Come back to the Lord - First Sunday of Lent (A)

Decrease font size
Increase font size
Print this page
Home > Archbishop > Homilies > Come back to the Lord - First Sunday of Lent (A)

On Ash Wednesday, as we marked the beginning of Lent, the opening words of the first reading set the tone for our participation in Lent. The Prophet Joel – with deep conviction and no doubt burning zeal – proclaimed the word from God: “Now, now – it is the Lord who speaks – come back to me with all your heart.”

Prophets knew that they were being inspired by the Holy Spirit to announce a word from God. They understood that they were the mouthpiece of God. Their words were, in fact, God’s words. Thus there was a fire in their hearts as they spoke. No doubt their listeners detected this fire and were moved by the intensity of their proclamation. Time and distance from this utterance can rob it of its inherent power to convict.

However, we know that Lent each year is the time for us to examine our lives, identify our many shortcomings, and return to the Lord. The culmination of this spiritual journey will be going to Confession.

The readings of the First Sunday of Lent each year address an important theme – that of temptation. The first reading tells of the temptation of Eve and Adam, and that they would succumb to the enticing words of the devil. This story is the story of every human life. We are tempted daily in ways small and large. We are enticed into evil.

Evil is presented in an attractive and alluring way, otherwise we would not be attracted to its propositions. A subtle voice cajoles us into believing it is not really so bad. Like Eve and Adam we choose to please ourselves and satisfy our personal cravings. We fall into sin.

The Gospel today reveals how subtle temptation can be. As Jesus has withdrawn to the desert to spiritually prepare for his public ministry, the devil tempts him to focus on the satisfaction of his own needs, rather than the fulfilment of the will of his Father. He is tempted to feed himself when he is fasting, to use his powers to protect himself, and to gain authority and prestige in a position of power. This seduction is aimed at deflecting him from his purpose, his mission.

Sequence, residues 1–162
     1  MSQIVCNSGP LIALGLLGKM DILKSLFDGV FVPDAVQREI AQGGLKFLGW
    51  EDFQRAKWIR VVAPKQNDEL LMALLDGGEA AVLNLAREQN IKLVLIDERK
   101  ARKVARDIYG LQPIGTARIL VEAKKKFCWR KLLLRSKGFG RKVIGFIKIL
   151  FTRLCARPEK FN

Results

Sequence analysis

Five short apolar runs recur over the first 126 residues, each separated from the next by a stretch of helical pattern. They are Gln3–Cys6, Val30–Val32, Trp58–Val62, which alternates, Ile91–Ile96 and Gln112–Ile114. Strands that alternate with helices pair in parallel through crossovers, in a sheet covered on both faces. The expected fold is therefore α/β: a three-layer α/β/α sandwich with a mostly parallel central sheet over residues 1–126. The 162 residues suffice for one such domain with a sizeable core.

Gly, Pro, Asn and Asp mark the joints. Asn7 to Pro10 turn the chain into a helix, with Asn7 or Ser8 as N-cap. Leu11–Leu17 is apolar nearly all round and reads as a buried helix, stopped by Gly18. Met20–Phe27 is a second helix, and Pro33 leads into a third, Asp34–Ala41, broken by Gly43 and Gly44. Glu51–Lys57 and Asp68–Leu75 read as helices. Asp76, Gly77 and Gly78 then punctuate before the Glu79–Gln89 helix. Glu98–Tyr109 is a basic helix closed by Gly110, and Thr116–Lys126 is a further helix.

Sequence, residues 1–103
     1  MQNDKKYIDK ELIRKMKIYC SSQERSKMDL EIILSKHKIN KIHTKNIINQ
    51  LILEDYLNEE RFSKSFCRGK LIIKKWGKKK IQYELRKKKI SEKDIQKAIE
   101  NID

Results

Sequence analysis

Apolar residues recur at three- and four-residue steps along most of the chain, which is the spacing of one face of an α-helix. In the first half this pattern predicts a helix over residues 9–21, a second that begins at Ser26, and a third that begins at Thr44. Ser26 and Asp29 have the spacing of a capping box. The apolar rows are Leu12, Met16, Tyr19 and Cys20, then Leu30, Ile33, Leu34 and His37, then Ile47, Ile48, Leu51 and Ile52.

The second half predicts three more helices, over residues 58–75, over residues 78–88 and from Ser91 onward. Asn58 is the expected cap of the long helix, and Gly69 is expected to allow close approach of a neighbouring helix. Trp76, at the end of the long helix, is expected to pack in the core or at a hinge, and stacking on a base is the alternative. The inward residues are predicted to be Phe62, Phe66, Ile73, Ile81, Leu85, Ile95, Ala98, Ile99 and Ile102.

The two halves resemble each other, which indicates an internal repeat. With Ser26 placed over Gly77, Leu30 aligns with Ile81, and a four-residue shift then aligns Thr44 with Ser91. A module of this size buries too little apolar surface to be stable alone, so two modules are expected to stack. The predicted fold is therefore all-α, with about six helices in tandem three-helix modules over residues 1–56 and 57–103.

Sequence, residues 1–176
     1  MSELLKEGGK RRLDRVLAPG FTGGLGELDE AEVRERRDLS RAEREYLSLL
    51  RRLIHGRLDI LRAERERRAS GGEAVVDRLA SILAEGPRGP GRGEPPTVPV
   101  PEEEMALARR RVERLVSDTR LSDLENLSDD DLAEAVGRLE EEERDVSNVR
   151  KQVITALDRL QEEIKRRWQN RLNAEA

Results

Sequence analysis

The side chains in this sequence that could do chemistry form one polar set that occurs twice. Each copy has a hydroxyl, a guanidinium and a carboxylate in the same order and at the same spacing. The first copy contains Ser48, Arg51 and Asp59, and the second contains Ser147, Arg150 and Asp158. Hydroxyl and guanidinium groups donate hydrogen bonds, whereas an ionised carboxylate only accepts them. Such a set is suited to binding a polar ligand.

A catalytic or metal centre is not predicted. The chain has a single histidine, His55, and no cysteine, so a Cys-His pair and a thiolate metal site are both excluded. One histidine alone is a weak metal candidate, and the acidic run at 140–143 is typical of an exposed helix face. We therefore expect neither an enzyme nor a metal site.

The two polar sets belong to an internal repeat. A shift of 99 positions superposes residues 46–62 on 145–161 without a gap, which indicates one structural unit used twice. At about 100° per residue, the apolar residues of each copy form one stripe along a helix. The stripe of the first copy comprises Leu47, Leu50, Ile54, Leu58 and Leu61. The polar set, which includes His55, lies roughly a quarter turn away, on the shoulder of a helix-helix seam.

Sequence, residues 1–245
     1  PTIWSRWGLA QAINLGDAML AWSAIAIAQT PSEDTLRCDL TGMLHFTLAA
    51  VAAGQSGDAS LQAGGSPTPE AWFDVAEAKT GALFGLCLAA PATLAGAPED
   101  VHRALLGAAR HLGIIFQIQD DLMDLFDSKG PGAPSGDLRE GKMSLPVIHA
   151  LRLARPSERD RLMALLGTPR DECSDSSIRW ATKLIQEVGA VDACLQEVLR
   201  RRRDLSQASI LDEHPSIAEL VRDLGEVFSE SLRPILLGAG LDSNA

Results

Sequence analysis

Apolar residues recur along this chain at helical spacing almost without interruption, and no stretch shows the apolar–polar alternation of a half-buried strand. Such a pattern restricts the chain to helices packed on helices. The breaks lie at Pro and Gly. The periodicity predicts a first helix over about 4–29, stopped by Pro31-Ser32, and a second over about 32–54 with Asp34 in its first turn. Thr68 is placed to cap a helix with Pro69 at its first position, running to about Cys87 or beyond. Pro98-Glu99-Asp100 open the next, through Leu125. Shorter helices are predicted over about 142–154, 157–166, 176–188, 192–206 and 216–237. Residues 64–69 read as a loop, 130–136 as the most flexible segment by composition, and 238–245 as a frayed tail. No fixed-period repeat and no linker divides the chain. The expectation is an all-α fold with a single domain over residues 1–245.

This is what the devil does. He wants to subvert us and draw us away from God’s path for our life.

Temptation will always seem reasonable. Otherwise we would not be interested in it. Temptation will always touch those places in our lives where we are most vulnerable. And temptation will be steady and constant, wearing us down. Temptation will be personal, different in the case of each person.

The Lord shows us how to deal with temptation. We need to be direct and decisive. The Lord, after the third temptation, commanded: “Be off, Satan.”

Lent is the opportunity each year for each of us to make an examination of our lives and to reflect on the areas of temptation that we experience. They will reveal the ways in which Satan seeks to subvert us and drag us down. They will reveal, also, our personal points of weakness. This can guide us as to what steps we can take to strengthen our character and develop Christian virtue.

As we enter Lent this year let us allow the cry of the Prophet Joel to stay with us as the inspiration and purpose of our Lenten disciplines: “Now, now – it is the Lord who speaks – come back to me with all your heart.”

Today at this Mass we have the simple but significant Rite of Election for two candidates who are preparing to be baptised this Easter. They have been engaged in the catechumenate for some time, and now they express their desire to be baptised and the Church confirms acceptance of them for Baptism. In the Church they are now known as ‘the Elect’.

I ask that they and their sponsors come forward.

Archbishop Julian Porteous
Sunday, March 1, 2020